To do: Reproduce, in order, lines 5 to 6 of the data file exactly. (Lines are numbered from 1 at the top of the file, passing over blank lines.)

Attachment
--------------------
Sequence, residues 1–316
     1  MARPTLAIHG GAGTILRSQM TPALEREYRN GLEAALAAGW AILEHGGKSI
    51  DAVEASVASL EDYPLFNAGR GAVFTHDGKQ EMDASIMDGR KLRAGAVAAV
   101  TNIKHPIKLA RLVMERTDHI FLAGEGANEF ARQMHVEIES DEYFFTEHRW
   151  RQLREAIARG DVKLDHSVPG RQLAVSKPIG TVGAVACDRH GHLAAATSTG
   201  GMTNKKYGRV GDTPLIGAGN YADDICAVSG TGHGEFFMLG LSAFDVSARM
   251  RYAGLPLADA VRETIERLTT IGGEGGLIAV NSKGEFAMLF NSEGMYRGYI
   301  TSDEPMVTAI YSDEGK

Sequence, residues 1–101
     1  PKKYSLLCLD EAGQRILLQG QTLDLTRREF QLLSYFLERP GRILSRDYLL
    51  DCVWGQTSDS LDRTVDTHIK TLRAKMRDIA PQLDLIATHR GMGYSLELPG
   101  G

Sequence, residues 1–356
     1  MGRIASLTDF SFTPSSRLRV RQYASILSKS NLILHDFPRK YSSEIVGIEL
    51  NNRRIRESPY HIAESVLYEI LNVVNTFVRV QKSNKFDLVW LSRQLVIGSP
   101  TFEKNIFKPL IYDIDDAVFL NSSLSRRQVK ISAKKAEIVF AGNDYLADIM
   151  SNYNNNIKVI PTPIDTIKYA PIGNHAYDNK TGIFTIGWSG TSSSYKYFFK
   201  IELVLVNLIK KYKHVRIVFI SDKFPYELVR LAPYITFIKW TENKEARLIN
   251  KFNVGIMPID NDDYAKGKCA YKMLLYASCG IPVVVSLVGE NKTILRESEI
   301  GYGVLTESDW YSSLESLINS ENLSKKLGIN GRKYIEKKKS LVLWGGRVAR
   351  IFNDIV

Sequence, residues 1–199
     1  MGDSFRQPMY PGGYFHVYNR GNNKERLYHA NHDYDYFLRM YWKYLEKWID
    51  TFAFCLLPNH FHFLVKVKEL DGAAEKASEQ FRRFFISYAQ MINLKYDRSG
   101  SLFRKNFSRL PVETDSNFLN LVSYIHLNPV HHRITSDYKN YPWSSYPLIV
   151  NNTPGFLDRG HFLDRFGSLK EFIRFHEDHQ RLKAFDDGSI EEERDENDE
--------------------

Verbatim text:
   151  RQLREAIARG DVKLDHSVPG RQLAVSKPIG TVGAVACDRH GHLAAATSTG
   201  GMTNKKYGRV GDTPLIGAGN YADDICAVSG TGHGEFFMLG LSAFDVSARM